a.       I tried several different methods this year of having fellows reflect.  None of them worked quite perfectly, but I kept modifying trying to figure it out.  The biggest thing is if they don’t set aside specific time to get it done (like I used to do with blogging about my classroom every weekend), then it won’t happen.  For some teachers, it is hard to understand the value of the journaling and to get them past talking about the “what’s” and “how’s” and move towards the “why’s” and deeply reflect on the impact on teaching and learning.  

b.      A few things I tried this year: 1. Leaving a coaching meeting a few minutes early to give them time to do the reflection then.  Problem: as soon as I walked out the door they would start working on something else.  2. Sending out a weekly email on Fridays to ask them to reflect on the week. Problem: No personal communication, sometimes too far removed from what I wanted them to reflect on.

c.       What I’m trying for next year:  I want journaling to just become a natural process and a piece of the whole coaching cycle.  I am going to make a two-column interactive journal where I can reply to them once a week and it can be more of a conversation.  I will also be able to model for them what reflective journaling looks like rather than just “this is what I did”.  The first 10 minutes of our coaching meeting will be journaling time, where both of us will take time to reflect on specific things from the past week.  That way it’s not taking more time out of their week, it’s intentional, and it’s “just the way we do things”.  Because I’ll be in there and it’s before our meeting, there won’t be the issue of moving on to other tasks.  If there are fellows that decide they want those first ten minutes for something else, they are welcome to do the journaling before the meeting.  But, then it is their decision and in their hands, rather than another time suck I’m “handing” to them.  My goal is that as they consistently journal, they find value in the purposeful reflective process and it will have an impact on our work together.

Reflect on Growth

a.       Video Interviews: We try to have 2-3 video interviews with the fellows at the beginning, middle, and end of year.  These are only for us, posted on our shared Haiku page.  I think this is a valuable reflection tool besides the journaling because actually speaking it and then hearing yourself talk about your growth later will be such a clear picture of your journey.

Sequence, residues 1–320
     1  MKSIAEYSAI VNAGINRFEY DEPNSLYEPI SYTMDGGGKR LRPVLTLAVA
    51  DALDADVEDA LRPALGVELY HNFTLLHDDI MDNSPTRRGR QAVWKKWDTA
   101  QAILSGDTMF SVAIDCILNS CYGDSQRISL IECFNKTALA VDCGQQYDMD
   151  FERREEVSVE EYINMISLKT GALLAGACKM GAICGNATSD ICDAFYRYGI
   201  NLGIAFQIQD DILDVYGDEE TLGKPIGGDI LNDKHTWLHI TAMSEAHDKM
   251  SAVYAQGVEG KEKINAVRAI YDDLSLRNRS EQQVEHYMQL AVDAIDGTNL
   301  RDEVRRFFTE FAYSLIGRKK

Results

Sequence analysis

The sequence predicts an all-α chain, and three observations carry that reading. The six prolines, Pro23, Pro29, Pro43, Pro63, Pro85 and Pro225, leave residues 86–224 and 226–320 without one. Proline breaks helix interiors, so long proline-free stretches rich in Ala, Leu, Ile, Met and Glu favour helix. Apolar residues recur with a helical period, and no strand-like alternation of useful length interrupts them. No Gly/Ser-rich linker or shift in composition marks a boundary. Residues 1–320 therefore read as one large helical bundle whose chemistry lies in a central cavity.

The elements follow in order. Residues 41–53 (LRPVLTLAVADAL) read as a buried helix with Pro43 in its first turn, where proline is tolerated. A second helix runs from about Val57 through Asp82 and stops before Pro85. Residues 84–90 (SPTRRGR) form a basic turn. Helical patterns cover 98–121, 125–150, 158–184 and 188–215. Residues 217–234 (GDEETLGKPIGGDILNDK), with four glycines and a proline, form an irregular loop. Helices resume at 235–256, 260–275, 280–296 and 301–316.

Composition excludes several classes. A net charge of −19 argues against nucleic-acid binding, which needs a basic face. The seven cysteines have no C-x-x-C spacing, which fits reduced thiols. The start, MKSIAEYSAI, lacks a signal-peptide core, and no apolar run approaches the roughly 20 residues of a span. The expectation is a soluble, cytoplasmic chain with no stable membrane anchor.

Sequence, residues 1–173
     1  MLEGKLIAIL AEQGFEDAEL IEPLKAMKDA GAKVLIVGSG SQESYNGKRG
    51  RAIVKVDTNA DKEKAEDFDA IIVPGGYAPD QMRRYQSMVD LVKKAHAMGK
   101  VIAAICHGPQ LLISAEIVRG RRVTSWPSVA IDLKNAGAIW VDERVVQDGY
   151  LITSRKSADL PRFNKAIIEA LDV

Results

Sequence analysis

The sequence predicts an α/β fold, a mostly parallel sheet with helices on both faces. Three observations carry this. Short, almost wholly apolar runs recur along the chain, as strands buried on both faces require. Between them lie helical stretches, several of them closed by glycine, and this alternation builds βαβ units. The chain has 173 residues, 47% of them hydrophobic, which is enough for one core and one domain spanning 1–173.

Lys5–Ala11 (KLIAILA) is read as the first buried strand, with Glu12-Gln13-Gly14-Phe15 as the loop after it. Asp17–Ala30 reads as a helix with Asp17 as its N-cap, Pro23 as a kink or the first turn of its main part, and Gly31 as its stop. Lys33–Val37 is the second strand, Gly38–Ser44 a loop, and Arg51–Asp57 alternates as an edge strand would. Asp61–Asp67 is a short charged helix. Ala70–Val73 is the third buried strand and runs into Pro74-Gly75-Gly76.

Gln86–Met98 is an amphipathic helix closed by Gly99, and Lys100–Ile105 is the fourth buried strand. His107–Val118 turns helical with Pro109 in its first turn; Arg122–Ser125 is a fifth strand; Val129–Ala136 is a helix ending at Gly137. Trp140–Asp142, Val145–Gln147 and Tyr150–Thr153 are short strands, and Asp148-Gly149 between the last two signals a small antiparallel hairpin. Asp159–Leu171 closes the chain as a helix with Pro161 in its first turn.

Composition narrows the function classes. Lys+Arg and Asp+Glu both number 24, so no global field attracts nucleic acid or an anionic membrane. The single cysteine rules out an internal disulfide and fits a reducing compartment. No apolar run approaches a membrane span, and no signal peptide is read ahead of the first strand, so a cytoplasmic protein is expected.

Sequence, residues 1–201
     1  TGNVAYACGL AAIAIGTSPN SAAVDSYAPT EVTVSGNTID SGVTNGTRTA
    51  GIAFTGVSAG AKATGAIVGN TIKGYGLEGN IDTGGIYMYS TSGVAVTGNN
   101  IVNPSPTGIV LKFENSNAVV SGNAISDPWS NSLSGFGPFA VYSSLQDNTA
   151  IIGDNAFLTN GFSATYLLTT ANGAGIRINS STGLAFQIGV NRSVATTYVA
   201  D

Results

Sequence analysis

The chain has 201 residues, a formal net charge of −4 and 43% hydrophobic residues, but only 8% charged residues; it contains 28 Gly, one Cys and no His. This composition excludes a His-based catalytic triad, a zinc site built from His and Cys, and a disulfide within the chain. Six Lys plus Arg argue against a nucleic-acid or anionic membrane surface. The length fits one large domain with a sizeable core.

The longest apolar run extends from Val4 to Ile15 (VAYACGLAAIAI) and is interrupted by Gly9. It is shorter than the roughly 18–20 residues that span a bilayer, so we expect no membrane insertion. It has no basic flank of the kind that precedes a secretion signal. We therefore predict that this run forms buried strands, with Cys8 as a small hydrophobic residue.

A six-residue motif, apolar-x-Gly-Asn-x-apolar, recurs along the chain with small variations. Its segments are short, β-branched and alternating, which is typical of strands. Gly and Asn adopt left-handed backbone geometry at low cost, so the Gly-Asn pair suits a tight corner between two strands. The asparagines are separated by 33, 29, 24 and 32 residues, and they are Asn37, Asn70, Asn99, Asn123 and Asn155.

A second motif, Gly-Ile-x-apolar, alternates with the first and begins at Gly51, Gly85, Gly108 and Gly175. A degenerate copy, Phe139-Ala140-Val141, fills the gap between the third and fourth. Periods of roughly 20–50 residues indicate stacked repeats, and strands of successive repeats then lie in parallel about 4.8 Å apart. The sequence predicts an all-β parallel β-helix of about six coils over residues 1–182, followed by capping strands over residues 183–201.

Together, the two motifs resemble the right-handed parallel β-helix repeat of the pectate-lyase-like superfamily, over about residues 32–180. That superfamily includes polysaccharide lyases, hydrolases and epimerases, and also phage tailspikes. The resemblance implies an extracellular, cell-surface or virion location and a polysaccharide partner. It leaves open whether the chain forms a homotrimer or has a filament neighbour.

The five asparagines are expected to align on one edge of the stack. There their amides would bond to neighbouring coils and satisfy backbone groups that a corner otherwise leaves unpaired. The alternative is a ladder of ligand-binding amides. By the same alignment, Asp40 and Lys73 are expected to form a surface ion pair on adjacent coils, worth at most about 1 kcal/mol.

b.      Tech Self-Assessment: 3-4 times throughout the year, we will have the fellows do a tech self-assessment.  The purpose of this is to track growth in a more quantitative way.  It is more focused around their comfort with using specific tech tools.  I’ve modified it throughout this year so the teachers rate themselves on a scale of 1-4 (1=I know the tool exists and its basic function, 2=I’ve worked with my coach using the tool, 3=I’ve worked with the tool by myself, 4=I feel fully comfortable using the tool to improve / enhance teaching and learning).  There’s no “golden number” because the self-assessment will grow throughout the year as we try new tools.  The goal is that each time we take it, we see growth.

End of Year

Set Goals & Reflect on Growth

a.       As we come upon the last month or so of coaching (which ends about 2-3 weeks before the school year does), I begin doing some formal goal-setting with my fellows.  This year, we started by filling out their “Tech Toolbelt”, which listed out the tools they used, how they used them, were they successful tools or not, and would they use them next year.  Next year, I’m planning on having them fill out their toolbelt as we go through the year so it won’t be such a large project at the end of the year.   After they fill out the toolbelt, we start talking about goals, focused on objectives / purposes supported by tools.  We do this over the course of a couple weeks to give time for the fellow to process and really think through what they want to focus on as they continue to grow.  The process of going through the tech toolbelt and setting goals is huge in reflecting on their growth throughout the year.

This post is Part 2 of my year-end series on Coaching